Jul 26, 2023
Photo Credit: Kat Haber, Still Life Still
What would you save if your house was on fire?
Really, if you had only moments to escape with your life, which things would you grab and go?
Earth is in a rolling wildfire streak. It is difficult to tell if it was...
- the massive methane leaks of Russia, torching vast boreal forests
- the loss of an entire town in Alberta, in the heart of extracting Canadian oil sands
- the fire one ridge from my house on the Kenai Peninsula in Alaska
- the Grizzly Creek fire closing down I-70 a major artery connecting the USA west to east coasts
- the massive burn of the continent of Australia
- currently the Mediterranean conflagration in Greece and Portugal
As Greta Thunberg declared, "Our house is on fire!" At some point, the alarms will sound in the belly of each human faced with fires at home or elsewhere.
Which of all the possessions you own are so dear to you that you would risk your life to save them?
Here's a stunning stat: Buying 40% of the world's toys, the U.S. has 3% of the world's kids. We are simply overstuffed. How might we trim down our over-consuming lives? Buy things to last, so replacement becomes obsolete. Buy only what is necessary. Buy no new things-tough on the economy, but much needed as the world is populating from 8 to 10 billion humans.
So while you are living, imagine a firesale of your stuff. Your family has run out of money and you are forced to sell the house you designed, built, raised your kids in, made your contribution to the community from, and hosted countless movie nights conferring with other parents about best ways to be caring parents. Which objects, while you are alive, will you retain in your smaller, simpler life, free of most of your stuff? Sharing, not ownership is the way forward. I just did not realize how real this would become in my own life.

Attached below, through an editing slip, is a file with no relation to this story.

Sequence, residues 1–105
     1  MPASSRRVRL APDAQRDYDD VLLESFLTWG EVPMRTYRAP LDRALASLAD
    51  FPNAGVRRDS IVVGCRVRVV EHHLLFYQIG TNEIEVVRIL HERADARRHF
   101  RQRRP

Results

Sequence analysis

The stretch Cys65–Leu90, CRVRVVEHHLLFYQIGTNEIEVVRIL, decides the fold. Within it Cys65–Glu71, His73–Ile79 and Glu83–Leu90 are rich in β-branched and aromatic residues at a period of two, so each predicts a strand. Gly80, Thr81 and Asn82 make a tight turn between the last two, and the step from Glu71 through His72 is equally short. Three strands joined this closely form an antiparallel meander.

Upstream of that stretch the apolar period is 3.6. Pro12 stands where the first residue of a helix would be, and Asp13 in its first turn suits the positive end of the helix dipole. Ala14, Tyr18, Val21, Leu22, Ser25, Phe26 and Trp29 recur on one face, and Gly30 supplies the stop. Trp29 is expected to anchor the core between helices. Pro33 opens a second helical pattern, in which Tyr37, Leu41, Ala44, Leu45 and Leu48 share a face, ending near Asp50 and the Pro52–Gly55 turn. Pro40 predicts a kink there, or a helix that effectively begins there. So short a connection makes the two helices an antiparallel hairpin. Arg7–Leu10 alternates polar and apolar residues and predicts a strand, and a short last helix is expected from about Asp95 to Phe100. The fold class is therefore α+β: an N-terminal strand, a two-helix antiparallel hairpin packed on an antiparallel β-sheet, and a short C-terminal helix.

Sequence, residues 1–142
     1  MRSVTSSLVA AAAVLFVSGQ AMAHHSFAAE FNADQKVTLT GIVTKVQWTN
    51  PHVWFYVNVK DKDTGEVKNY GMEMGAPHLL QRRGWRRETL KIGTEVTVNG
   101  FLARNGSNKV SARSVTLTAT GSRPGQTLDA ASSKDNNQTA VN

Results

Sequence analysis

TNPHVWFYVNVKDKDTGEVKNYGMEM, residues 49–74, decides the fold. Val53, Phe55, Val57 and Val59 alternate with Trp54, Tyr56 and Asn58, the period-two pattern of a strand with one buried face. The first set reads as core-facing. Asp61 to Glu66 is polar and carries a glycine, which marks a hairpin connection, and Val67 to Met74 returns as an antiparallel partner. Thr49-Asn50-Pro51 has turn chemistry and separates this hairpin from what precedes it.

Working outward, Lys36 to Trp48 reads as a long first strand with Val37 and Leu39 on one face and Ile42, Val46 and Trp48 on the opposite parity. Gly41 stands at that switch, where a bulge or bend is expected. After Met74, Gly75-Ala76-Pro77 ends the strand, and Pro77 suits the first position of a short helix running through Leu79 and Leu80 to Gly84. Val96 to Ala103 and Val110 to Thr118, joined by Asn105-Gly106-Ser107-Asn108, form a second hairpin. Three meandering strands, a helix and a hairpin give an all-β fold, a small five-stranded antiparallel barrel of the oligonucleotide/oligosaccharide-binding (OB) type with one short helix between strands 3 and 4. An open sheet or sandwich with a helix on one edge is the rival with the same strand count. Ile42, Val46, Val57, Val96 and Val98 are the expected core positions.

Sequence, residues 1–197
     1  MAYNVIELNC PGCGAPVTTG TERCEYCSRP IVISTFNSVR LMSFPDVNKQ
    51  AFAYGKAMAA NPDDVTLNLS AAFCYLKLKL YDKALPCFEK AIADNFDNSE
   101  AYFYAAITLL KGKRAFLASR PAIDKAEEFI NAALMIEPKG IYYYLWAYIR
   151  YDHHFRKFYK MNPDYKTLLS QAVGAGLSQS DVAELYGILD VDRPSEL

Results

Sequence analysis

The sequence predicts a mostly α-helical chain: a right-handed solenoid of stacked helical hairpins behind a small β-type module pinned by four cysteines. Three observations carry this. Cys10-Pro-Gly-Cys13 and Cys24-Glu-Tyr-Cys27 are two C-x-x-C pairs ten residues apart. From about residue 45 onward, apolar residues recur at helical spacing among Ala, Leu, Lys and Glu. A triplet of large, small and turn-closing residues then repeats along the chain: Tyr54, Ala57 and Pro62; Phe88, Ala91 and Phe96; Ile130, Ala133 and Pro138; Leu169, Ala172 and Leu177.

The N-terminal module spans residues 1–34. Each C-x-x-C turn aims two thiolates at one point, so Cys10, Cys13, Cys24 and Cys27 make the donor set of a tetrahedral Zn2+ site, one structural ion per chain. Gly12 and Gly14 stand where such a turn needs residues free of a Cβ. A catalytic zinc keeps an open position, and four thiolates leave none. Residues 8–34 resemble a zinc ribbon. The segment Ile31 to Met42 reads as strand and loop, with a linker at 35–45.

Which of these values might each attach to each of a thousand choices I'll make about these objects: sentimental, service, social status, social interaction, sales price, and self-concept?
Earth can only supply sufficient natural resources for 1.5 billion people. Freeing myself from consuming is required for the greatest good of my own family and for us all as we consider the quality of life for all humans. "Let it go, let it go." as the Disney movie Frozen goes.
We need to transform all human systems in Earth: industry, power, food, mobility, governance, fashion, all the things.
Reducing demand is among the solutions. For this behavioral change, I am thinking of the greatest good for the greatest number over the greatest period of time. I feel the stress of having a too-big house and too little cash is having on my 82-year-old-cancer-recovering husband and about-to-have-his-first-son son. It is breaking my heart writing this, forecasting for but a month or possibly two, these will be the final 220-degree views from my beautiful bedroom where I watched daily Grewingk Glacier recede.
Let's play a game. Arrange all those things you would risk your life to save as your house is on fire. Take a photo. Post it to your own story on stuff. Title it "What I would save from my burning house?" Tag it #houseonfire.
Will guys pick objects related to hobbies and sports? Will we women choose family photos and heirlooms? Ask your family members to play along with you. Take photos. Compare what matters most to each of you.
The bottom line: Don't just toss stuff. There are dozens of ways to sell or donate clothes, furniture, trinkets, kitchenware, and souvenirs.
- Donate it to your local thrift shops or Salvation Army or Goodwill. Thrifting is a real thing and needs constant resupply.
- Try Craig's List, The Freecycle Network or the Buy Nothing Project, two massive online networks with millions of people looking to trade goods or buy cheap.
"It's a very strange phenomenon, but when we reduce what we own and essentially 'detox' our house, it has a detox effect on our bodies as well," declares Marie Kondo, creator of the 21st Century minimalist KonMari. I am hoping it will help my family in this way as well.